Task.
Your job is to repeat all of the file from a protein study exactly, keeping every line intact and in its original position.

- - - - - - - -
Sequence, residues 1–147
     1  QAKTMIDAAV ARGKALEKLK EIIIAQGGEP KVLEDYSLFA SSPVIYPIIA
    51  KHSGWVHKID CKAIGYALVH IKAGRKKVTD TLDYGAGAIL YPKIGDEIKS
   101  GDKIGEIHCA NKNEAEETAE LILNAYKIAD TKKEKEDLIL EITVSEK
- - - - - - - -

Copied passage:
Sequence, residues 1–147
     1  QAKTMIDAAV ARGKALEKLK EIIIAQGGEP KVLEDYSLFA SSPVIYPIIA
    51  KHSGWVHKID CKAIGYALVH IKAGRKKVTD TLDYGAGAIL YPKIGDEIKS
   101  GDKIGEIHCA NKNEAEETAE LILNAYKIAD TKKEKEDLIL EITVSEK